It was Thursday, Sept. 12, and Friday, Sept. 13, when I became aware of some frantic messages on Facebook.
A planned vacation at a cabin at the Estes Park area of Colorado turned into a nightmare for my brother and his spouse. Their cabin on a mountain in a remote area was only about 15 feet away from a raging river that was continuing to rise.
The road that they took into the area was closed because of flooding, cell phones were down, long-distance calls weren’t working, but the cabin’s cable television and Internet were working. That explained the Facebook messages and videos they posted – an alternative to calling people.
They were listening to warnings about the rising river. They learned an earth berm was located above their cabin that might give way in the flooding. At that point, I wished I had a helicopter available, but I felt there was little that anyone could have done.
On Friday, with the river still rising and water lapping into the yard, they made the decision to try to find a way out, although the roads were questionable. They left in their car, found the entrance to the park, then went down the other side of the mountain. They reached a tourist center that helped them get a room at a hotel. And they finally got a little rest before leaving the next day to visit friends. They were safe.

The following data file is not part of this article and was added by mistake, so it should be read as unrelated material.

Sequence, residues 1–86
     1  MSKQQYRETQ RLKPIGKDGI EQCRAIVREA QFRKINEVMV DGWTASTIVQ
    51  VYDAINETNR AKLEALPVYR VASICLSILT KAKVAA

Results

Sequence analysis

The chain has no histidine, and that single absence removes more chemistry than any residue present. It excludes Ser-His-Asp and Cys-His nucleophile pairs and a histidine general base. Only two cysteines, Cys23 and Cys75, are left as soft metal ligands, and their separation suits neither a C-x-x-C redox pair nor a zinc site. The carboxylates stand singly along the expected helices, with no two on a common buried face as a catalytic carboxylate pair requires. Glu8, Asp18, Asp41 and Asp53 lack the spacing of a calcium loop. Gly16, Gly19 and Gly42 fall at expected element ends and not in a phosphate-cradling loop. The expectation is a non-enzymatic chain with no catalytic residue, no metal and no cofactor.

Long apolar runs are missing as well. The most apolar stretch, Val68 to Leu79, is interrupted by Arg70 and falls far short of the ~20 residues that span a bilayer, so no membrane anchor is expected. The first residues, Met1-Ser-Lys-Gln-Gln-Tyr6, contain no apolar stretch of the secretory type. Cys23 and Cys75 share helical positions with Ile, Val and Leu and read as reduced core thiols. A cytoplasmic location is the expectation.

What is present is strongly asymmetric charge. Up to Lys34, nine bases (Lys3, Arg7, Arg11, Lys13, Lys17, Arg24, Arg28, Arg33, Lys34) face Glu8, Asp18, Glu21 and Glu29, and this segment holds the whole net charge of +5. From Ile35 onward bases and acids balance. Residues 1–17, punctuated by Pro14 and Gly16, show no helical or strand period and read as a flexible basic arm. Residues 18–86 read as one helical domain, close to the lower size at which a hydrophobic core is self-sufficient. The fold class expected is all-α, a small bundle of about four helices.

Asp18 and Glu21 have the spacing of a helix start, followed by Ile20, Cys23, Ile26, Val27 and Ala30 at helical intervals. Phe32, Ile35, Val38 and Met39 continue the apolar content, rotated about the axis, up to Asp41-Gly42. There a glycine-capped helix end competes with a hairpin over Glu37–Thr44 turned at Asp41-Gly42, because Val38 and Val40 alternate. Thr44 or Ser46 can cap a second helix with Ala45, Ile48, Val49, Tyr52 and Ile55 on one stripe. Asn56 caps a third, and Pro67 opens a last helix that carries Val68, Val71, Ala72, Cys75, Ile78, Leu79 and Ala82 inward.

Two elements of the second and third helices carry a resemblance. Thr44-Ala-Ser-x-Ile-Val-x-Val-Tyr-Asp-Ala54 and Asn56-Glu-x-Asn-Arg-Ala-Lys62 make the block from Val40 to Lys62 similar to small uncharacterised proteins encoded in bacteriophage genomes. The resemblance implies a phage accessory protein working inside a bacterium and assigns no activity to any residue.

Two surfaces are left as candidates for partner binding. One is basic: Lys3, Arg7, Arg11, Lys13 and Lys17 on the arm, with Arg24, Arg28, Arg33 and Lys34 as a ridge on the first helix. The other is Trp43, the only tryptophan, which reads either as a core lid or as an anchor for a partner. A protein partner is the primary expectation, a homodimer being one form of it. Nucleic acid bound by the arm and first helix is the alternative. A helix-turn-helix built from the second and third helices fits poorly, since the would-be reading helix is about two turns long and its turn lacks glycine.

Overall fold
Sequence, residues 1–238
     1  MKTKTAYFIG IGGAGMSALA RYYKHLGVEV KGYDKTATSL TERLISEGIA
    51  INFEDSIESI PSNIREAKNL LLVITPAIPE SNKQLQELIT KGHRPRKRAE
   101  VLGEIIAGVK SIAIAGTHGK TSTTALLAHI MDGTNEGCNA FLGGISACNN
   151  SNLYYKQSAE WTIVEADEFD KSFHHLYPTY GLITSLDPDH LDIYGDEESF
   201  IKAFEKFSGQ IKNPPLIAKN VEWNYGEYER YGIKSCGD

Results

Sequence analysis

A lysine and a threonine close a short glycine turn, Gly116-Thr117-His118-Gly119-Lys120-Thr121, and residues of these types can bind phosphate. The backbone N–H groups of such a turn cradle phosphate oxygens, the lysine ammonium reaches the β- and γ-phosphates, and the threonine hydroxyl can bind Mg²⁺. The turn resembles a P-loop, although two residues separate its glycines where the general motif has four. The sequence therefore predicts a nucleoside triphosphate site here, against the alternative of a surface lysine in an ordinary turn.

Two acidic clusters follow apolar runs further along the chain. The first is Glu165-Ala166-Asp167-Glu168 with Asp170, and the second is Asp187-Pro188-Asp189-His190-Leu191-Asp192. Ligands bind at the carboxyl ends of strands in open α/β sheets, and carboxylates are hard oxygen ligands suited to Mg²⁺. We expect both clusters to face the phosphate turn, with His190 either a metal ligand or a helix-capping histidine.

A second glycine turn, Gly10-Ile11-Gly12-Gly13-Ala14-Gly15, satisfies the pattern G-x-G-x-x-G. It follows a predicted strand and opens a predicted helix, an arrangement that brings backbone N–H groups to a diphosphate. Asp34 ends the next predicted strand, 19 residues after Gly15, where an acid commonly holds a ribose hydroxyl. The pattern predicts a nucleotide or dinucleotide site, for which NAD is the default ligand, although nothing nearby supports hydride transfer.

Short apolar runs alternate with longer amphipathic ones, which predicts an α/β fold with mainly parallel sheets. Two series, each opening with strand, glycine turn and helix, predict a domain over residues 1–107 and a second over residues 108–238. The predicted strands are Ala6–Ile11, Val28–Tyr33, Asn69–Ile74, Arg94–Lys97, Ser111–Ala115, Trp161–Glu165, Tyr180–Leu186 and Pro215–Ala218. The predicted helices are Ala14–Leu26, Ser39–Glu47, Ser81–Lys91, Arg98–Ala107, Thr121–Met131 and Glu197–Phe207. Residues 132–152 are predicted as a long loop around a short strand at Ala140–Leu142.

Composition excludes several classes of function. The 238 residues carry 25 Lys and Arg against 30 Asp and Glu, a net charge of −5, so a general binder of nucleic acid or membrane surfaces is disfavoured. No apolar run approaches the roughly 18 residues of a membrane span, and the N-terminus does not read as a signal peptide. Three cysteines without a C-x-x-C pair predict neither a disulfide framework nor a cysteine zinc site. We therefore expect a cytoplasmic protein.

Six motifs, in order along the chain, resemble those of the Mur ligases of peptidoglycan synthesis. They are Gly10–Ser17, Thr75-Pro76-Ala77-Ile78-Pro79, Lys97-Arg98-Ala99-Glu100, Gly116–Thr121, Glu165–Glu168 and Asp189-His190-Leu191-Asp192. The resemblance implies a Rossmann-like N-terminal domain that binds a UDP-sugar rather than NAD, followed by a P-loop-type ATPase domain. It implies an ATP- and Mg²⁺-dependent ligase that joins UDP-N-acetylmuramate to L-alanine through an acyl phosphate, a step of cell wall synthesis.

In subsequent days, the news media reported eight deaths from Colorado flooding, with thousands of homes damaged.
Not too long ago, before this event, I was talking about disasters with someone who has taken Community Emergency Response Training. In the event of a mass disaster, people can’t expect to be saved immediately by rescue workers. Some may and some may not get immediate assistance. In some kinds of disasters, people will have to take action themselves. Assistance may come later.
Knowing when to take action and what action to take is a judgment call, and there is also a certain amount of luck to it. There are some steps you can take to be prepared in an emergency, though. While you can never be totally prepared for an emergency, some ideas can be found at www.ready.gov/.
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